First Ride: How-to Tips for Buying a Motorcycle


Buying your first motorcycle can be an exciting yet daunting experience. With so many options and factors to consider, it’s important to go into the process informed and prepared. The following are some key tips for first-time motorcycle buyers.

1. Choose the Right Type of Motorcycle

The first decision is what type of motorcycle is right for you. Important factors include riding experience, intended use, size, and comfort needs. Beginners often start with a standard or cruiser-style in the 500cc range. More experienced riders may opt for sport bikes or adventure touring models. Think about how you’ll use the bike to help guide the choice and head over to to check out the selection.

2. Sit on Different Bikes

First Ride: How-to Tips for Buying a Motorcycle

It’s essential to sit on several motorcycles before deciding. Go to dealerships and motorcycle shows to try out various makes and models. Pay attention to seat height, reach to handlebars, foot position, weight, and overall comfort when seated. Consider your height and inseam measurements in relation to the motorcycle to ensure proper fit and control. You want a bike that you can confidently handle and feel comfortable on for extended periods.

3. Inspect Key Components

When test riding and inspecting motorcycles, look at critical components like the engine, tires, brakes, suspension, and drivetrain. Check for any leaks, damage, or excessive wear and tear. Make sure all electronics and instruments work properly. Test drive the motorcycle in different conditions when possible. Get a feel for clutch and throttle response, shifting, steering, braking, and stability on turns.

4. Research Costs and Financing

The purchase price is only part of what you’ll spend on a new motorcycle. Factor in sales tax, registration and title fees, insurance, gear, and maintenance costs. Review financing options like loans and determine a comfortable monthly payment. Many dealerships offer financing deals to qualified buyers. Having a motorcycle license and taking a safety course can also impact insurance rates.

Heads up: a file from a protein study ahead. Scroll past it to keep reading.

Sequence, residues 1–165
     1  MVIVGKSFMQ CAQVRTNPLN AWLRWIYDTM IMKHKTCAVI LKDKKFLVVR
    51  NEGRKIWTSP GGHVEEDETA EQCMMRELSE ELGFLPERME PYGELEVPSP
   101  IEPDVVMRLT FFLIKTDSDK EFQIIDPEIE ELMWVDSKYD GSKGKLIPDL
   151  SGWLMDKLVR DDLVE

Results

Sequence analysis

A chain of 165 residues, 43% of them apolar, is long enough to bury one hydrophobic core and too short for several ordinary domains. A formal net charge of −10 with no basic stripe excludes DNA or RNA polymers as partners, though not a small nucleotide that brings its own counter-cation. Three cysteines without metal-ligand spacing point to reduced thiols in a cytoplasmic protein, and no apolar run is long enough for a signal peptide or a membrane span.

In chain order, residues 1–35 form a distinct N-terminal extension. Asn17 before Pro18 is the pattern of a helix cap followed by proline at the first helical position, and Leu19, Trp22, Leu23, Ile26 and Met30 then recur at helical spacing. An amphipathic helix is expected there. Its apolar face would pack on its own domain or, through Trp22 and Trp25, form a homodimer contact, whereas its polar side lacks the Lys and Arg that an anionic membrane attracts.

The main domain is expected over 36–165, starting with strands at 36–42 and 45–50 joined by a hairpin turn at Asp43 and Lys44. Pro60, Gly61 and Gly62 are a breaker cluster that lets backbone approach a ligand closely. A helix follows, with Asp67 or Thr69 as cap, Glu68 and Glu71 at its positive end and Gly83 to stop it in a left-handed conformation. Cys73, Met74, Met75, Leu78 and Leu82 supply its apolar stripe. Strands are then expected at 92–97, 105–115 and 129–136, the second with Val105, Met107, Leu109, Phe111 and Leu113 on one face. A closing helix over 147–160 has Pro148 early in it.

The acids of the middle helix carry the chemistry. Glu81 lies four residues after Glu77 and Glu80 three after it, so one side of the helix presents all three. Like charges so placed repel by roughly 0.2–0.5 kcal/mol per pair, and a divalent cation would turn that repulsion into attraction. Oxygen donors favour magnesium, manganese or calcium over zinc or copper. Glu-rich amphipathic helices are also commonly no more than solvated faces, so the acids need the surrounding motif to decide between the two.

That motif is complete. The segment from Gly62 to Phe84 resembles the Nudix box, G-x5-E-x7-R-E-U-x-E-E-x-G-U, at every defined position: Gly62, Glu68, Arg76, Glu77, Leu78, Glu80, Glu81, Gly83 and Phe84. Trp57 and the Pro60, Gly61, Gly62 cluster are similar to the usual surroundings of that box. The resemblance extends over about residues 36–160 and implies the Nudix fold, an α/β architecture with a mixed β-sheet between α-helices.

5. Choose Safety Gear

Quality protective gear, like a helmet, riding jacket, boots, and gloves, should be purchased before riding the new motorcycle. Try gear on in stores for proper fit and comfort. Look for safety certifications and high-visibility colors or reflective materials. Dress for the ride, not just the weather. Investing in proper motorcycle gear helps minimize injuries in the event of an accident.

6. Complete a Safety Course

First Ride: How-to Tips for Buying a Motorcycle

Taking a motorcycle safety course, even if not mandated in your state, is highly recommended. You’ll learn critical skills for operating a motorcycle safely. Courses teach you proper turning, braking, hazard avoidance, and more. Many insurance companies offer discounts on premiums for safety course completion. Starting with formal training sets you up for success on the road.

7. Conduct a Thorough Inspection

When you decide on a specific motorcycle to purchase, carefully inspect it before completing the sale. Check the tires, lights, engine, body panels, controls, and all functions. Request service records to review. Take it for another test ride, listening and feeling for anything unusual. A thorough inspection helps avoid buying a faulty or unsafe bike.